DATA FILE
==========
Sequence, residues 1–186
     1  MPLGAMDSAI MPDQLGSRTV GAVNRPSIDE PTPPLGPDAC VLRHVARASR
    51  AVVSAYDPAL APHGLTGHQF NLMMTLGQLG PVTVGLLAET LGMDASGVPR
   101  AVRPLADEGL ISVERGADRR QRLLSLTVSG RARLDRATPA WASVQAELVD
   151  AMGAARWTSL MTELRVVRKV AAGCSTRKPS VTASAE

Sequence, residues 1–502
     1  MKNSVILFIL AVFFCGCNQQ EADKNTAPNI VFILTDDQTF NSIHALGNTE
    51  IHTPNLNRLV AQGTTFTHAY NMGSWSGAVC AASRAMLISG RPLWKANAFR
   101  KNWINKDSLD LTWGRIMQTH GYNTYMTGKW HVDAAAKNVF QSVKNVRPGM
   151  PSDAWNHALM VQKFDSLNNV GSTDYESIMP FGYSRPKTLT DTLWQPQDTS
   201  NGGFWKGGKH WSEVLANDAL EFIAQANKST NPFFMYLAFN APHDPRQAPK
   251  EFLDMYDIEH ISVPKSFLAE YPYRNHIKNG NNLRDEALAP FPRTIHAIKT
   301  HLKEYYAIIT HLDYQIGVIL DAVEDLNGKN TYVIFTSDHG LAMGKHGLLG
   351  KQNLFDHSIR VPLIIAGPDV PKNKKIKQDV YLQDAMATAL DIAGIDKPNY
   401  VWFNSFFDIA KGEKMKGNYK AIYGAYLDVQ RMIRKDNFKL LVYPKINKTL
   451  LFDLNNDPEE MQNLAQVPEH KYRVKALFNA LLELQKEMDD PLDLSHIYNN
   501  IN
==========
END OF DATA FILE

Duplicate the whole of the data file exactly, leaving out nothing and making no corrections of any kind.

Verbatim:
Sequence, residues 1–186
     1  MPLGAMDSAI MPDQLGSRTV GAVNRPSIDE PTPPLGPDAC VLRHVARASR
    51  AVVSAYDPAL APHGLTGHQF NLMMTLGQLG PVTVGLLAET LGMDASGVPR
   101  AVRPLADEGL ISVERGADRR QRLLSLTVSG RARLDRATPA WASVQAELVD
   151  AMGAARWTSL MTELRVVRKV AAGCSTRKPS VTASAE

Sequence, residues 1–502
     1  MKNSVILFIL AVFFCGCNQQ EADKNTAPNI VFILTDDQTF NSIHALGNTE
    51  IHTPNLNRLV AQGTTFTHAY NMGSWSGAVC AASRAMLISG RPLWKANAFR
   101  KNWINKDSLD LTWGRIMQTH GYNTYMTGKW HVDAAAKNVF QSVKNVRPGM
   151  PSDAWNHALM VQKFDSLNNV GSTDYESIMP FGYSRPKTLT DTLWQPQDTS
   201  NGGFWKGGKH WSEVLANDAL EFIAQANKST NPFFMYLAFN APHDPRQAPK
   251  EFLDMYDIEH ISVPKSFLAE YPYRNHIKNG NNLRDEALAP FPRTIHAIKT
   301  HLKEYYAIIT HLDYQIGVIL DAVEDLNGKN TYVIFTSDHG LAMGKHGLLG
   351  KQNLFDHSIR VPLIIAGPDV PKNKKIKQDV YLQDAMATAL DIAGIDKPNY
   401  VWFNSFFDIA KGEKMKGNYK AIYGAYLDVQ RMIRKDNFKL LVYPKINKTL
   451  LFDLNNDPEE MQNLAQVPEH KYRVKALFNA LLELQKEMDD PLDLSHIYNN
   501  IN